Solid waste department for Columbiana Co. stops accepting glass for recycling

Local News

According to officials, the company that takes the glass no longer has a marketable outlet for recycling it

COLUMBIANA CO., Ohio (WKBN) – A couple of weeks ago, the solid waste department for Columbiana, Carroll and Harrison (CCH) counties posted “no glass” signs at all of its recycling sites.

The CCH Environmental Group, formerly known as the CCH Solid Waste District, said the reason behind the decision was because the company that recycled the glass is no longer able to.

CCH Director Barbara Walton released the following statement saying the Ohio Valley Waste Service in Youngstown no longer has a marketable outlet for recycling the glass.

“CCH is no longer accepting glass at our recycling sites because the processing facility doesn’t have a marketable outlet for recycling this product. Other districts throughout the state are experiencing the same problem.”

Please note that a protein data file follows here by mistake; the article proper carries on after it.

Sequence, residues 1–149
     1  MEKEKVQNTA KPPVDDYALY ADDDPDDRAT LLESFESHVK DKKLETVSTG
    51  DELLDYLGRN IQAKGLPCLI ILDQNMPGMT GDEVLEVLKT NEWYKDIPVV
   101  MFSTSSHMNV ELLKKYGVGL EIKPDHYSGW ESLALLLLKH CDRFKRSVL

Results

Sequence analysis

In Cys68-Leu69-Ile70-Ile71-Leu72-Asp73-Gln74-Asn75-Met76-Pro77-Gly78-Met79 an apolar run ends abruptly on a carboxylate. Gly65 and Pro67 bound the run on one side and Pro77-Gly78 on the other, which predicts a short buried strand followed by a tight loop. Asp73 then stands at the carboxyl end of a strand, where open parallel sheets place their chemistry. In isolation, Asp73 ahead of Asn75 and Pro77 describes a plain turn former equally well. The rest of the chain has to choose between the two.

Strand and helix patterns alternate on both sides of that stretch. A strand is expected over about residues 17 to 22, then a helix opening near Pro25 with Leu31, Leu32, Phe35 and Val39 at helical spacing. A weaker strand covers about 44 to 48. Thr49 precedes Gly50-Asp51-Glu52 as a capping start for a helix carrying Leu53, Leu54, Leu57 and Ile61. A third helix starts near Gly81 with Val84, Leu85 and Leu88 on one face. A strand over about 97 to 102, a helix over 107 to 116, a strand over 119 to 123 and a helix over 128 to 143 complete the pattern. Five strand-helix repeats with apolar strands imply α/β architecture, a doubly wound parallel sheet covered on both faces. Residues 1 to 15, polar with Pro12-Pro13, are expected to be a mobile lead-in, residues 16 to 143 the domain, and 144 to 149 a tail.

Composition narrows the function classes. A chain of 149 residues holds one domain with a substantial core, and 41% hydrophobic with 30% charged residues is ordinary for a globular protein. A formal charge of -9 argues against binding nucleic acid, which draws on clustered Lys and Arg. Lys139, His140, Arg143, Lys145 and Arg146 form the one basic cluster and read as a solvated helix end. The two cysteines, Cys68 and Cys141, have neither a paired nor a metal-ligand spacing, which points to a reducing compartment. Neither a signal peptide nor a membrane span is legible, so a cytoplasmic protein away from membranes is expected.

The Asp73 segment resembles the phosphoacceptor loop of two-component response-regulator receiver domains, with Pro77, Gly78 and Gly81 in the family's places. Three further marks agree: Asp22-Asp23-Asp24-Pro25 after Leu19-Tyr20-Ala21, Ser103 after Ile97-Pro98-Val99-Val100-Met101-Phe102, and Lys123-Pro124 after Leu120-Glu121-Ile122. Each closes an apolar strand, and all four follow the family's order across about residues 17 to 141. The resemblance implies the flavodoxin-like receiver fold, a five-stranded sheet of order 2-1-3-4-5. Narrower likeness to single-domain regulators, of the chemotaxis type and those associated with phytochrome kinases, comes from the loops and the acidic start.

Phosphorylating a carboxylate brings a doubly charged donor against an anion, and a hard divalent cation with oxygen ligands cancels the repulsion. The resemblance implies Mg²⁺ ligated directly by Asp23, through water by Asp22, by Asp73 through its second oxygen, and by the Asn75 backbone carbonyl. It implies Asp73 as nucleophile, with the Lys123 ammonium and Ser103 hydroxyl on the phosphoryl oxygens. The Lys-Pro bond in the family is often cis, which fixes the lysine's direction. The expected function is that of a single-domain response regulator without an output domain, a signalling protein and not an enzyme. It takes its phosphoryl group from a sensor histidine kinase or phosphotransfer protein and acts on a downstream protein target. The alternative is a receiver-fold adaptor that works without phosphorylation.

CCH said Ohio Valley Waste now uses glass as a secondary cover layer at its landfill.

“Now we’re worried that it’s going to the landfill,” said Leetonia Schools Recycling Director Lorie Bush.

Bush said that luckily, the Leetonia School District in Columbiana County doesn’t use much glass at all. But as a member of the community, she’s worried about where the glass is going.

“We’re getting concerned that it’s getting broken in the bottom of our cans and then dumped out through our driveways and things like that. So we aren’t sure what to do with our glass,” Bush said.

Columbiana isn’t the only county in the Valley experiencing issues.

Louis Vega, department head at the Mahoning County Solid Waste Management District, released the following statement saying his district spends an additional $40,000 annually to facilitate glass sorting.

“Broken glass can be a contaminant to other commodities like paper and cardboard. Despite these challenges, we feel it’s important to provide residents with solutions to decrease waste generation and reduce energy consumption.”

Vega said the Mahoning County district feels it’s important to provide that option for residents.

Walton said the situation is getting worse, not better.

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